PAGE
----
Presentation on theme: "Defining vulnerability A case study from Zambia"— Presentation transcript:
1Defining vulnerability A case study from Zambia Katie Schenk, Lewis Ndhlovu, Stephen Tembo,Andson Nsune, Chozi Nkhata, RAPIDSInteragency Task Team on Children and HIV and AIDSWashington, DC23-24th April 2007
2Reaching AIDS-affected People with Integrated Development and Support ECRThe data in this paper were collected as a baseline, prior to the scale-up of this community-based care and support intervention in sites across Zambia.RAPIDS - funded by the US government through PEPFAR, and implemented by a consortium of partners who are listed here, with long history and experience of working in Zambianotable for its use of an integrated package of interventions to improve the quality of life of families affected by AIDS.(PC as independent external evaluator.)
3Outline Introduction Results Lessons learnt Aims, methods Quantitative and qualitativeLessons learntImplications for programs
4Study Aims To explore community conceptualizations of vulnerability To examine vulnerability factors – characteristics and prevalenceTo discuss implications for community-based care and support interventionsIn this presentation, I am going to use quantitative and qualitative data to explore community conceptualizations of vulnerability. It’s important to note that this data takes as its starting point a definition of vulnerability generated locally by the community members we spoke with – which I shall come back to.I’m going to review which characteristics community members thought were important indicators or descriptions of vulnerability, some of which I shall examine in greater detail.I shall present some survey data on the prevalence of vulnerable children, according to the different characteristics identified by community members.And finally I’m going to try to draw out some practical implications from these findings for the delivery of community-based care and support interventions.
5Methods 6 sentinel sites Quantitative approaches: household surveys Qualitative approaches: focus group discussions and in-depth interviewsEthical issuesRAPIDS program implementers purposively selected six districts in Zambia for data collectionWithin each district, communities were randomly selected for inclusion in the district’s study site using a multi-stage cluster sampling design.Household surveys with the household head – additional data also collected among children and youths aged – not presented here today. FGDs were conducted among male and female adult and youth (aged 15-24) recipients of RAPIDS services, selected by community representatives.IDIs with key informants were conducted singly or in small groups, including intervention partner staff, community and district-level stakeholders, and trained volunteer caregivers in the four sites. Also service non-recipients.FGDs included free-listing, ranking exercisesActivities among children required high standards of ethical compliance: REF GUIDELINES – e.g. the key involvement of a local psychologist specializing in working with children affected by AIDS. Ethical approval for the research was granted through the review boards of the University of Zambia, London School of Hygiene and Tropical Medicine, and the US-based international non-governmental organization Population Council, who was responsible for conducting the research.Definitions: confirm orphan = a child whose mother or father has died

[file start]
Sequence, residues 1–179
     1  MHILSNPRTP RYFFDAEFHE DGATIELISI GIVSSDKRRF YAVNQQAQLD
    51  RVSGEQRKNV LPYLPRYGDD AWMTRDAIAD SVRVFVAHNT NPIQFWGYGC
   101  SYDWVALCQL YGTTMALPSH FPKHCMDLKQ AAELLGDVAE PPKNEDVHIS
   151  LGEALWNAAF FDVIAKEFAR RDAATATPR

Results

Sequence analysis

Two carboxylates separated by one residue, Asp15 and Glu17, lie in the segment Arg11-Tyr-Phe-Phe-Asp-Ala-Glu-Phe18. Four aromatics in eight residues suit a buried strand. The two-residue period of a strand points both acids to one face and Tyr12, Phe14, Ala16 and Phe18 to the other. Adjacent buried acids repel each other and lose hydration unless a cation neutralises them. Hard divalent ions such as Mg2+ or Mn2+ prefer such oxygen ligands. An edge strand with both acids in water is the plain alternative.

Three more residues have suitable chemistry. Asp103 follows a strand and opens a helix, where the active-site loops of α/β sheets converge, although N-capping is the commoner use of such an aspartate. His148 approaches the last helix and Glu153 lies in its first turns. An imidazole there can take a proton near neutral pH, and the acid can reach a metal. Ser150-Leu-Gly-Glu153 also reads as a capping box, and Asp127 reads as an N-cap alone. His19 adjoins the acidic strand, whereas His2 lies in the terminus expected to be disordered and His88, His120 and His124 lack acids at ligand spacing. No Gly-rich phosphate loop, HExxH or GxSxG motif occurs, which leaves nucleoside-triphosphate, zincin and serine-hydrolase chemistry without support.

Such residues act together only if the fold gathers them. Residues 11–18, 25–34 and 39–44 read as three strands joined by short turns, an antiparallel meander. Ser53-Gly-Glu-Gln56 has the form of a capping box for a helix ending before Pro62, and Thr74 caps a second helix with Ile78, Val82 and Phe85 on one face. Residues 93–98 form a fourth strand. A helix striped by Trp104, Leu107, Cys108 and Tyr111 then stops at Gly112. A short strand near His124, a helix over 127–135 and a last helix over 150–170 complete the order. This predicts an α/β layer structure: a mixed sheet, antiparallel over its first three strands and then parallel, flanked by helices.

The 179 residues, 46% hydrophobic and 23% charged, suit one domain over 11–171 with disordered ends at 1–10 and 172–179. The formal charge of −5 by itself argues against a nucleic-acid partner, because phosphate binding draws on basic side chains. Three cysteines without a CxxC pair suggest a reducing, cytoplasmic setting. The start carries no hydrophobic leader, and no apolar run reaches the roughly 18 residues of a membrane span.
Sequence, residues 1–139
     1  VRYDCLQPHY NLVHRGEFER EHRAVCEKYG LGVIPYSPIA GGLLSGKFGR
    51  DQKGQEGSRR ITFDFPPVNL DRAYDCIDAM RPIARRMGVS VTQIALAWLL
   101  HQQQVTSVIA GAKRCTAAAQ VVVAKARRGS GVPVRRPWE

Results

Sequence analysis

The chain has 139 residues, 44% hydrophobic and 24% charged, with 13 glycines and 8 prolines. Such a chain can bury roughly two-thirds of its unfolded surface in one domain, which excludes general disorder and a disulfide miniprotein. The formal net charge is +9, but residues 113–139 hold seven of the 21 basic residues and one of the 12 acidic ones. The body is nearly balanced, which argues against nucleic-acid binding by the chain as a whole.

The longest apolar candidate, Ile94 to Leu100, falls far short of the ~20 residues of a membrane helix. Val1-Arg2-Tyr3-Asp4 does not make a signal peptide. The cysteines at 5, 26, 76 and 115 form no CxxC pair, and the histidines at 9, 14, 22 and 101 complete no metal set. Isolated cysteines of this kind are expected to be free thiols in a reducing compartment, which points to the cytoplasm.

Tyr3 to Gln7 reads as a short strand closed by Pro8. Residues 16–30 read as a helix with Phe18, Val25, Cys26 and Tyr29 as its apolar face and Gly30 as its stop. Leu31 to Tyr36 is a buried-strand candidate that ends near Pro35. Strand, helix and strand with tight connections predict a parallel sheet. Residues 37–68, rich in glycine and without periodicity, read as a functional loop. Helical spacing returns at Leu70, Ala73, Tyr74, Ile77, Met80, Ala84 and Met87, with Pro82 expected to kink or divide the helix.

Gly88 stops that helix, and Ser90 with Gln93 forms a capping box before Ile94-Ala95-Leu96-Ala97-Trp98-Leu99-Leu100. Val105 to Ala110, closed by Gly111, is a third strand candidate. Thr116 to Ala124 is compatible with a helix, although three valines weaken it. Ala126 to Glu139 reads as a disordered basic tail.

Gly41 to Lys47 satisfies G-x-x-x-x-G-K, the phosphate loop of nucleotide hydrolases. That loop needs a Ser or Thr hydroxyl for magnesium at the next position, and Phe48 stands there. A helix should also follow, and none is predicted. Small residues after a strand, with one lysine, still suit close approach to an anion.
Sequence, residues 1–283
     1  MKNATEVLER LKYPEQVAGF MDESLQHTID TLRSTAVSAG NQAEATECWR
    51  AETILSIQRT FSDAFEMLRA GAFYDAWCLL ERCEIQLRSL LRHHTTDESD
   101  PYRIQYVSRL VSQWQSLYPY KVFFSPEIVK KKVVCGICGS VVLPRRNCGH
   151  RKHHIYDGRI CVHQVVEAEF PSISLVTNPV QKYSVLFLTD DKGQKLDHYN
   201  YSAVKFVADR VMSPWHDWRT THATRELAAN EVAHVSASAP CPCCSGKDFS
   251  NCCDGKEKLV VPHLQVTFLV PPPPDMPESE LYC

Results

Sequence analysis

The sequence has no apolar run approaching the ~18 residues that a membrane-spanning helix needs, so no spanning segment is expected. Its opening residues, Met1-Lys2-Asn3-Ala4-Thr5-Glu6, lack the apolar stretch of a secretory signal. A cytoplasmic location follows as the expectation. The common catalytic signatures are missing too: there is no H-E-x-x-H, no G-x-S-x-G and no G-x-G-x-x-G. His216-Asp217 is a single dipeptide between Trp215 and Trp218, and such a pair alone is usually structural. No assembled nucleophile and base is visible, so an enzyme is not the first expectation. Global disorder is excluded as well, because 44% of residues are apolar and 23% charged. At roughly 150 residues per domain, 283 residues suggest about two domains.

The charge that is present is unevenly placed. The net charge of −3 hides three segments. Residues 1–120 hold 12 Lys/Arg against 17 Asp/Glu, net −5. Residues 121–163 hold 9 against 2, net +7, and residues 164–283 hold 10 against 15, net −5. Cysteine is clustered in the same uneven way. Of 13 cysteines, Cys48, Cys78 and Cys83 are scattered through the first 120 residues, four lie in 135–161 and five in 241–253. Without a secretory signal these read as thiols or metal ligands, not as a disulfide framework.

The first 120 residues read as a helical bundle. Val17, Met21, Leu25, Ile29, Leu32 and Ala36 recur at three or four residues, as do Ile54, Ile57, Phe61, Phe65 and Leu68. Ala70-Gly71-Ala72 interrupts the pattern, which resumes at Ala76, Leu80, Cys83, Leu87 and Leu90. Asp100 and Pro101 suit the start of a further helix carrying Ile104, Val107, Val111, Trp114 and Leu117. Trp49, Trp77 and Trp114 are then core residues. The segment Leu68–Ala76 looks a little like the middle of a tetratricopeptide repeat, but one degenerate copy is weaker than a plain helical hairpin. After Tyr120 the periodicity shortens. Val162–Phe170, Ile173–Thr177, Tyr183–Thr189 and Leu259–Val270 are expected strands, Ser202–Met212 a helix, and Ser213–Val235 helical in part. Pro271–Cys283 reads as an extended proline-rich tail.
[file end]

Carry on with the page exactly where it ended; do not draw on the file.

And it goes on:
7SociodemographicsUsing the household survey, respondents from 1,503 households were interviewed across the six sites, providing data on 5,009 children.The 6 sites were selected from among the 44 districts where the intervention will be implemented, to represent a variety of culturally diverse rural, peri-urban, and urban settings (Chongwe, Kalomo, Mpika, Ndola - quantitative and qualitative data; Mazabuka and Petauke - quantitative data only).
8Household Composition 1000Female-headed80013%Male-headed600Number of households22%40073%20022%29%Figure 1 shows the number of households across the study sites by the number of adults (aged over 18) in the household, and by the sex of the household head.Households with more than one adult were more commonly male-headed.While female-headed households comprised only 24% of all households in the survey, in every study site they were disproportionately represented among the households with one adult. This pattern is representative of widows taking household responsibility following the death of their husband.Female household heads were also generally older than male household heads: overall 23% of female household heads were aged 60 or above, compared to 14% of male household heads.1 adult2 adults3-4 adults5-6 adults7+ adultsNumber of adult members